AWS tempts open source projects with promo credit sweeteners

AWS tempts open source projects with promo credit sweeteners

AWS has announced a programme to support open source projects with relevance to the company and its customers with promotional credits for its services. 

Principal Open Source Technologist Arun Gupta and Operations Manager Vicente explained the initiative in a blog post mentioning the credits were typically used for testing, storage, or CI/CD purposes. First beneficiaries include the Rust and Julia programming languages, Java community project AdoptOpenJDK, Java component repository Maven Central, and a couple of projects hosted by the Cloud Native Computing Foundation.

Project maintainers thinking about applying will need an active AWS account and aren’t allowed to have invoices outstanding. Their software should be developed under an OSI-approved license, although those using other common licenses are encouraged to get in contact as well. The projects with the best chances of success are those owned by non-profits or foundations, with maintainers from multiple entities.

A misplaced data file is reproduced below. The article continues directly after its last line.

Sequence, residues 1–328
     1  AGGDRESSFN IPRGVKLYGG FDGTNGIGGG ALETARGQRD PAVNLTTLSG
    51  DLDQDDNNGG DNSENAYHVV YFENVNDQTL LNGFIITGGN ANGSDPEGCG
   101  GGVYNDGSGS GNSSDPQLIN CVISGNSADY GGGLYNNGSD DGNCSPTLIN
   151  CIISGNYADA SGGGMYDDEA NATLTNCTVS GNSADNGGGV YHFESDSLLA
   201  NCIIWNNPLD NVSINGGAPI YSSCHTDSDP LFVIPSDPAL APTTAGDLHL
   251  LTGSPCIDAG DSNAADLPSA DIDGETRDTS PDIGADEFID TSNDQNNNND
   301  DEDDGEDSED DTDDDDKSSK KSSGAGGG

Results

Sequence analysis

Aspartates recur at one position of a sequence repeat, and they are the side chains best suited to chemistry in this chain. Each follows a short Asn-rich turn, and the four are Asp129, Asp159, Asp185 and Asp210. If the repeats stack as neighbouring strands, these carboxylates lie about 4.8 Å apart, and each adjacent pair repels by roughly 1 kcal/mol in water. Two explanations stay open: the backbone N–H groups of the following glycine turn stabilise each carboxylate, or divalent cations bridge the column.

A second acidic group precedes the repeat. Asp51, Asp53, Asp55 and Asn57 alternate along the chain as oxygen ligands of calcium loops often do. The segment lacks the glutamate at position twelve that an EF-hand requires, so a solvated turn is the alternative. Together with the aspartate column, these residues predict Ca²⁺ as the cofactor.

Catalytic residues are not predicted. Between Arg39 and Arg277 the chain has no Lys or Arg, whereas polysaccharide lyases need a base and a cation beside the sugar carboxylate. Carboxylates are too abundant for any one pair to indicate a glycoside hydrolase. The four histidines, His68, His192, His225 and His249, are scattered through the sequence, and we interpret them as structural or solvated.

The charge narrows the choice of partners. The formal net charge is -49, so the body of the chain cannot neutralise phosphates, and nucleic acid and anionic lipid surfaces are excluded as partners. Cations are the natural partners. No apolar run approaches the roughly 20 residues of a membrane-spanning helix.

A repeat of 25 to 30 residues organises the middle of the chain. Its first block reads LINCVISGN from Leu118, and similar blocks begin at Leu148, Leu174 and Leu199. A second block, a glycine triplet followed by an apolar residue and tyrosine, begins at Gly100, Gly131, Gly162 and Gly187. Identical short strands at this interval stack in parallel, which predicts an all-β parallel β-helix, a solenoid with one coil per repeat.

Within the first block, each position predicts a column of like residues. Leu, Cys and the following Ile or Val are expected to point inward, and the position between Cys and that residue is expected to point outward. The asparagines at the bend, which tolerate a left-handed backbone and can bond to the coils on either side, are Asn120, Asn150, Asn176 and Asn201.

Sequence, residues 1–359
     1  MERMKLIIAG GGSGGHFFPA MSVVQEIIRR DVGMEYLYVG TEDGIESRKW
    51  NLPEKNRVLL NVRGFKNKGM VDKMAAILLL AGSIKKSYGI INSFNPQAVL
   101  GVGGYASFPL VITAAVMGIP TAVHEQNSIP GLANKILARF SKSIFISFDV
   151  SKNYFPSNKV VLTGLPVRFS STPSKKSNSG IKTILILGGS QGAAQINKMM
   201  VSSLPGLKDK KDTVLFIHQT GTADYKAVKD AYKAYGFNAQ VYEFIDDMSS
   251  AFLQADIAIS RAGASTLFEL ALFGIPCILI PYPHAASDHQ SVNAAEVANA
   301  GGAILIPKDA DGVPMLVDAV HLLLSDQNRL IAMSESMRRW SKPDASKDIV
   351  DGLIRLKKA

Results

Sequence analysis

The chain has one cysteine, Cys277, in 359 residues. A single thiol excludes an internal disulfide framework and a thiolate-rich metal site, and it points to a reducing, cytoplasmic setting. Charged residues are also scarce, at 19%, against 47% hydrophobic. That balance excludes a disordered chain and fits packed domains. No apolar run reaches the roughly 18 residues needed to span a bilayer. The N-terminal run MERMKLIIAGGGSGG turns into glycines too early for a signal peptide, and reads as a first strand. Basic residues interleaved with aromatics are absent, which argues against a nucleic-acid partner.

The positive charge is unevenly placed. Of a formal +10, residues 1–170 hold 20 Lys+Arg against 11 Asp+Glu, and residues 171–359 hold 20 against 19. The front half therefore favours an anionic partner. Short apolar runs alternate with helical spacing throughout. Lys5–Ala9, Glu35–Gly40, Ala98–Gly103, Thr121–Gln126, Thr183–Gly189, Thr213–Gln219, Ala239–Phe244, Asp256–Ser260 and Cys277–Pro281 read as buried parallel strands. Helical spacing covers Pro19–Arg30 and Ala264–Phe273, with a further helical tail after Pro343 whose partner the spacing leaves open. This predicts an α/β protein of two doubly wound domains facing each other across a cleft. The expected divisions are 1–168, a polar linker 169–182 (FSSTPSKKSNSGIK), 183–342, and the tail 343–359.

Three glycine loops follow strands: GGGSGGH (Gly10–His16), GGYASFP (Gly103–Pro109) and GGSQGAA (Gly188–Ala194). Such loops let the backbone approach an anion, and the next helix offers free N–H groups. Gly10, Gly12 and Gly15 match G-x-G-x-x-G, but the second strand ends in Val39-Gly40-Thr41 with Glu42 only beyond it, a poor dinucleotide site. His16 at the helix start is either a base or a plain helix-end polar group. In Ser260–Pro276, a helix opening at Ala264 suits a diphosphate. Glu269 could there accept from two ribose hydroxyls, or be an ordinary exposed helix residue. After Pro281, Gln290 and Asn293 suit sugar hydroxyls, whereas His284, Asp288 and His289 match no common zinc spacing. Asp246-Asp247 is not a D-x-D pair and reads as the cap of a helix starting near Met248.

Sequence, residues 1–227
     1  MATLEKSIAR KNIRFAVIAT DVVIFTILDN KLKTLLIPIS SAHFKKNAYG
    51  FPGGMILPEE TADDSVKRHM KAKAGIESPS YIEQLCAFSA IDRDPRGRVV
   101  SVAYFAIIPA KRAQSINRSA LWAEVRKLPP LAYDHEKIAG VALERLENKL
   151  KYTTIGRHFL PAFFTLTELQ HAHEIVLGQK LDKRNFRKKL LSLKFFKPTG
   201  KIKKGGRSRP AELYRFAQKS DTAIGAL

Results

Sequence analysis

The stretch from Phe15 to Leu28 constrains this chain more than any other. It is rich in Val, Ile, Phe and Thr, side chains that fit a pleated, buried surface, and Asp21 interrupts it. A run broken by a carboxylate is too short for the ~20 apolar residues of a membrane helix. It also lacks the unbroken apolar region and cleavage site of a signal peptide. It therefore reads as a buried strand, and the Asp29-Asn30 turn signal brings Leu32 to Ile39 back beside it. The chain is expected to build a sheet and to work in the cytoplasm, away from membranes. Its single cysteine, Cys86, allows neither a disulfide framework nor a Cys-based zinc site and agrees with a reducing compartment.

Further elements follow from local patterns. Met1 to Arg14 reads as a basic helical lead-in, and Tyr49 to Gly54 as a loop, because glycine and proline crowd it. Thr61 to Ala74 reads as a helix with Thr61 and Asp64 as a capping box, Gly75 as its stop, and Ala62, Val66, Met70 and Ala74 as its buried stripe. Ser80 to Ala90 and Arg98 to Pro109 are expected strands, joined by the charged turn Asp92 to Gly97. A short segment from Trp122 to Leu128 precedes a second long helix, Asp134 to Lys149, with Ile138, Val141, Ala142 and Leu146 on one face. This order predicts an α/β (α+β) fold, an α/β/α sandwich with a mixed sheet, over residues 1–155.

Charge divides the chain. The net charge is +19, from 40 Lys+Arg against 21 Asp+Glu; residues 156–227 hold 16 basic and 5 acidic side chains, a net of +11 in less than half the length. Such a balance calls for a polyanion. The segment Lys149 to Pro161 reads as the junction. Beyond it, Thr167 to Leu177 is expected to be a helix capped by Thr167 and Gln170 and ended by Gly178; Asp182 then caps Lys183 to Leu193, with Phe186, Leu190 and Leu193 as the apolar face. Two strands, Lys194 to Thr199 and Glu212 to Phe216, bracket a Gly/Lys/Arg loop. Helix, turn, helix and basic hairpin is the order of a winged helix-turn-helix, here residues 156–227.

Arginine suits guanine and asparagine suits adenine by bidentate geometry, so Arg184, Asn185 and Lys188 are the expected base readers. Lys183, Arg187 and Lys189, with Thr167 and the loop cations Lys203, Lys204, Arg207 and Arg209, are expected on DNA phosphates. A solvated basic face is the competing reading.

AWS asks for information on the account number, the amount of credits needed, and what they will be used for, to process any request. According to Gupta and Vicente the company will consider a project’s relevance to AWS and its users, as well as its leadership principles when deciding on worthy candidates. Those include points such as customer obsession, innovation, bar raising, ambition and high standards, which means it will probably look for similar qualities in the applying projects. 

Feedback will be given within 10 to 15 business days via email. Interested parties are advised that credits cannot be used retroactively and expire after a year.

While the supported projects seem to subscribe to the idea of AWS as patron of open source, other communities might beg to differ. Only in the last couple of months, open source projects changed their license to prevent the company from repackaging their services, while others got forked for not conforming to AWS idea of open source.